Thursday, September 26, 2013


From NOLADefender April 2011:
Thanks to First NBC Bank, officers of one of the Department's Uptown districts (the 6th) will get their own alt-policing method: the segway. NOPD Superintendant Ronal Serpas rode the new crime-fighting segway last night at the ribbon-cutting ceremony of First NBC Bank’s new branch opening in the Garden District.  

After riding it quickly and confidently across the bank’s parking lot, Serpas talked about how it differs from the average tourist Segway carrying Midwesterners through the Quarters. “It has a bigger battery capacity," he said. "The wheels and structure are stronger."

Though the city has problems like potholes, Serpas believes the Segway’s customized larger wheels are “capable of a lot of terrain that you might not expect."
In the photo below (also via NOLADefender)  Serpas demonstrates the super-Segway's enhanced strength when pushed to the extreme limit of its carrying capacity.


It was only a few short months later that Serpas deployed an even more impressive piece of technology
On Friday afternoon, the New Orleans Police Department and Chief Ronal Serpas will be unveiling the newest weapon in their crime-fighting tool belt: a $350,000 mobile DWI unit the NOPD has christened the "Batmobile."

Purchased through a grant from the Louisiana Highway Safety Commission, the Drunkmobile Batmobile is a 38-foot long mobile unit with room for four citizens to cool their heels while a fifth blows into a tube in the rear of the vehicle.

Holy high-tech drunk tank, Batman! Look for it at a DWI checkpoint near you.

But even as his department has benefited from new technologies, Serpas has run into difficulty maintaining the manpower necessary to operate it.
New Orleans has lost 300 more officers than it hired since 2010 amid what some city leaders are calling a staffing crisis, officials said Wednesday. Even with new recruitment efforts finally underway and the promise of hiring 100 new officers over the next year, the City Council is looking for new ways to put more police on the streets faster. 
According to a status update to PANO's Facebook page, though, it sounds more like the city is running in place there.
Oddly enough, in the midst of the hearing, CAO Andy Koppelin (sic) appeared and stated the City may still have to impose layoffs and LWOP days depending on the cost of the pending consent decrees. That bit of info would seemingly alarm any potential applicants, as well as current employees.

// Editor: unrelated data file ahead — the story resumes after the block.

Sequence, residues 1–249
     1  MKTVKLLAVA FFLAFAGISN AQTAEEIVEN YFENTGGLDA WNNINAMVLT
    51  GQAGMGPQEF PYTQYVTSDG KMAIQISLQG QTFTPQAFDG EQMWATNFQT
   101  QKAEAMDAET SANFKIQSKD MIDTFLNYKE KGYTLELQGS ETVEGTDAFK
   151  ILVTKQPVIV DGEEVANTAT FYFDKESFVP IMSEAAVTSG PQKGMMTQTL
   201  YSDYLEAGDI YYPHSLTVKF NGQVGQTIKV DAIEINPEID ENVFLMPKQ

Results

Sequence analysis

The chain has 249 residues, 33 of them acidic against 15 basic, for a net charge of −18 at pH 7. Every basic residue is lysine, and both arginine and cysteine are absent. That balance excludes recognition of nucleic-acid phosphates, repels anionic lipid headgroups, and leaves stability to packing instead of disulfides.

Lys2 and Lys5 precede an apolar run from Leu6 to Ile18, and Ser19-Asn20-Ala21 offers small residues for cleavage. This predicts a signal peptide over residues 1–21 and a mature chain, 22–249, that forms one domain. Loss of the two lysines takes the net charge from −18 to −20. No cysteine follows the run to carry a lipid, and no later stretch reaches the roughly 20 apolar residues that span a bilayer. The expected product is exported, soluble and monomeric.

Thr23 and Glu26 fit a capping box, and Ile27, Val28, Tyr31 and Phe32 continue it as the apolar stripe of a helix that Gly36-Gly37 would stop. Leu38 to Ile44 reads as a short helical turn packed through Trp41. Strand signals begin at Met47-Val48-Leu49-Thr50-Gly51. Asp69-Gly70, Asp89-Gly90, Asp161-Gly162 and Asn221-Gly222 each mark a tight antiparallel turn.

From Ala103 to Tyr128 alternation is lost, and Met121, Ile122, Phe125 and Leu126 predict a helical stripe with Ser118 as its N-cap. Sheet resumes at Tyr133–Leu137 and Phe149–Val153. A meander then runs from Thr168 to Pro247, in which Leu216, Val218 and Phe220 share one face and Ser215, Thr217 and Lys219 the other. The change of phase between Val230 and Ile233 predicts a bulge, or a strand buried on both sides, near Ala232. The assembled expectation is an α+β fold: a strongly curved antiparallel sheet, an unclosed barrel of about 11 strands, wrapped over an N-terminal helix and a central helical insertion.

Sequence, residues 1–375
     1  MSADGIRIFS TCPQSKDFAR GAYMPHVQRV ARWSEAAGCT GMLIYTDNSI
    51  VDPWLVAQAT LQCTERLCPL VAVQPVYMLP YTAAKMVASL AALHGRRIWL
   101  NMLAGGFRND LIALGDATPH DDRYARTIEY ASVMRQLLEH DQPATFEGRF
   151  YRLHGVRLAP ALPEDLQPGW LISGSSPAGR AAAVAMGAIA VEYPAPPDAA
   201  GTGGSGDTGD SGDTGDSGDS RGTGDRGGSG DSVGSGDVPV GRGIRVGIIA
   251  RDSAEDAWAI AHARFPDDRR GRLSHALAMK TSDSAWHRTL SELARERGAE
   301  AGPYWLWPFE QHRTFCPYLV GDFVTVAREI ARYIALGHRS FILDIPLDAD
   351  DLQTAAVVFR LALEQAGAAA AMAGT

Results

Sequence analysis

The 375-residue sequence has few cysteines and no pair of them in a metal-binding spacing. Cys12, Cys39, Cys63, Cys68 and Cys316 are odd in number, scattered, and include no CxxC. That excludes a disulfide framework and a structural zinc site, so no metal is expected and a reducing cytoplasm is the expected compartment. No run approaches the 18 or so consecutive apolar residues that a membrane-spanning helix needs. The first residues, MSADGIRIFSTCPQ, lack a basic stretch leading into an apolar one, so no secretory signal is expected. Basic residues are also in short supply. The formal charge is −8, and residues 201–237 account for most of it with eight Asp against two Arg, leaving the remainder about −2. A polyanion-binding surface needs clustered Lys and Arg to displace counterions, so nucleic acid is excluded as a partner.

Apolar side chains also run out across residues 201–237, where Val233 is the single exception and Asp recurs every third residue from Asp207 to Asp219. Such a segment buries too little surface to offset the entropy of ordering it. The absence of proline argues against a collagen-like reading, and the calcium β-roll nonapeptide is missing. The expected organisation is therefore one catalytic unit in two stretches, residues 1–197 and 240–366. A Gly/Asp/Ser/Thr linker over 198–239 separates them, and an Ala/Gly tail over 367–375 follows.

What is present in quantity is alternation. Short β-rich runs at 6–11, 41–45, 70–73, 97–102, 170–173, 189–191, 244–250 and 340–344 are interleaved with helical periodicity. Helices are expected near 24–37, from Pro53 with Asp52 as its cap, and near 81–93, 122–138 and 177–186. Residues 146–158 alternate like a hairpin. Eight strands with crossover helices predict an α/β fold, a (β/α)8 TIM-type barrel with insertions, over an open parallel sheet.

But, hey, the good news is they're buying new tech
New Orleans Police Superintendent Ronal Serpas said Wednesday his office is buying hundreds of cameras for officers to wear on their uniforms beginning as soon as late this year. He called the devices “the future of American law enforcement.”
The "future of American law enforcement" begins when every interaction you might have with a police officer.. no matter how insignificant.. is recorded by a law enforcement camera and fed into the burgeoning security panopticon.  How exciting! Are you excited?
Serpas said the body cameras are a major step that other police agencies across the country have embraced, both to protect the public and to forestall false complaints against officers.

“Imagine a day in the city of New Orleans, in the not too distant future, where every single time we pull over a car, we ask somebody who they are or what they’re doing, that that entire incident is audiotaped and videotaped,” Serpas said. “We’re very excited about it. It’s coming.”
See? It's exciting. But this vision of Segway and Google Glass powered Batcops is really just a way station on the path to a better future where we can dispense with manpower altogether and just move straight ahead with the all-drone police force we've been waiting for. Will sure save a lot on pensions that way. 

What could possibly go wrong?

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